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© Global Warming Images / WWF-Canon
Employees of the Walney Offshore Windfarm project.
year.27 Furthermore, it is estimated that subsidies to fossil fuels amount to at least $1.9 trillion every year.28 Currently, about 80% of global energy consumption comes from conventional technologies, mostly fossil fuel based technologies. Fossil fuel combustion is the main contributor to the increase in atmospheric CO2 concentrations since the industrial revolution, and is the primary cause of anthropogenic climate change. Emissions from fuel combustion exceeded 30 Gt CO2 in 2010, 40% higher than 1990 levels.29 Today the world faces a record 400 ppm of atmospheric CO2 concentration – unprecedented in human history.30 If this trend continues the world’s future is threatened by a likely increase in global mean temperature of much more than 2° C, with disastrous economic, social and environmental consequences31 (see Box 1). Renewable energy has the enormous potential to shift the current global carbonemitting energy system to a more sustainable one. As sources of clean and reliable energy, renewables are considered key to prevent dangerous climate change while providing secure energy supply and fostering economic growth and social wealth. As WWF´s Energy Report (2011) demonstrates, large-scale deployment of renewables alone would reduce greenhouse-gas emissions from the energy sector by about 80% while keeping global warming well below 2°C by 2050.32 27 OECD/IEA, World Energy Outlook 2012. 28 IMF, Energy Subsidy Reform: Lessons and Implications. 29 IEA, CO 2 Emissions from Fuel Combustion. 30 Earth System Research Laboratory, Global Monitoring Division, “Recent Monthly Average Mauna Loa CO2.” 31 PIK, Turn Down the Heat. 32 Earth System Research Laboratory, Global Monitoring Division, “Recent Monthly Average Mauna Loa CO2.”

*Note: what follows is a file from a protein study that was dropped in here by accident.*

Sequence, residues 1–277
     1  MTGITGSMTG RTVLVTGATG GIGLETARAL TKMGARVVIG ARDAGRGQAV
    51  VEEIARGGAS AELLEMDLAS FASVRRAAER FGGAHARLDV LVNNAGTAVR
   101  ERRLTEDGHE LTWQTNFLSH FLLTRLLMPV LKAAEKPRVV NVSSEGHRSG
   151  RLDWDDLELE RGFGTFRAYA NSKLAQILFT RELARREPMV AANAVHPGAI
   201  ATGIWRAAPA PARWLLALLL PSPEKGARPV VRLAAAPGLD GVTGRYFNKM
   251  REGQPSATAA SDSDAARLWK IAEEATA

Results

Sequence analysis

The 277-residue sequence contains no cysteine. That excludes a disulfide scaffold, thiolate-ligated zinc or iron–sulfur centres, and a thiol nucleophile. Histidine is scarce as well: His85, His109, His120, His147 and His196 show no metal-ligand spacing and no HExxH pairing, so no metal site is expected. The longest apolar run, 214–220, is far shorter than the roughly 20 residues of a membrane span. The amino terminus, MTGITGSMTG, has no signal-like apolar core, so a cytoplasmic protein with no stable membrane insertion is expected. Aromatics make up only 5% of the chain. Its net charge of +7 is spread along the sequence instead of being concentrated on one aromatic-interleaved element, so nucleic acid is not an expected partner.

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Embarking on the trajectory towards 100% renewable energy will require doubling the current level of investments in renewables and scaling up current capacity: by 2020, annual investments of up to $US 510 billion per year in renewable power generation will be needed to avoid exceeding the 2°C target 33, while investments in conventional energy sources will have to decline. By 2030, total renewable energy investments will need to triple to bring about the change needed. Significantly scaling up renewable energy investments and supply represents huge challenges. The Energy Report shows that a strong long-term renewable energy and energy-efficiency strategy in all societal sectors can deliver 100% renewable energy for the entire world by 2050.34 The WWF energy vision sets out the necessity to fully replace all fossil fuels and nuclear energy supply by mid-century. In order to avoid a long-term lock-in into a high-carbon infrastructure, and to limit global warming to no more than 1.5°C compared to pre-industrial temperatures, WWF is calling on governments to speed up its efforts and agree to increase the share of global sustainable renewable energy to 25% (excluding traditional and inefficient biomass use), and to at least double the rate of annual improvement in energy productivity (energy use/unit GDP), from presently about 1.2% to 2.4% by 2020. Box 1 Climate Change: a threat to global economy, society and the natural environment. Climate change is one of the greatest global threats of this century. The Intergovernmental Panel on Climate Change (IPCC) says an uncontrolled rise in greenhouse-gas emissions will raise global mean temperatures by more than 6°C above the pre-industrial times by the end of the century, resulting in a significant loss in biodiversity and ecosystems.35 If the planet warms more than 3°C, it will fundamentally change the planet we live in. Man-made climate change is happening much faster than previously observed natural climate changes. Climate change causes speedy alterations in ecosystem and species composition, the rising of sea levels and ocean acidification, among many other problems. It is a hazard for global prosperity, security and social stability.36 Climate change is already causing the death of nearly 400,000 people a year and costing the world more than $US 1,200 billion (almost 2% of global GDP).37 A very revealing scientific assessment conducted by the Potsdam Institute for Climate Impact Research (PIK, 2012) and commissioned by the World Bank provides further authoritative and substantial information on the impact of global warming.38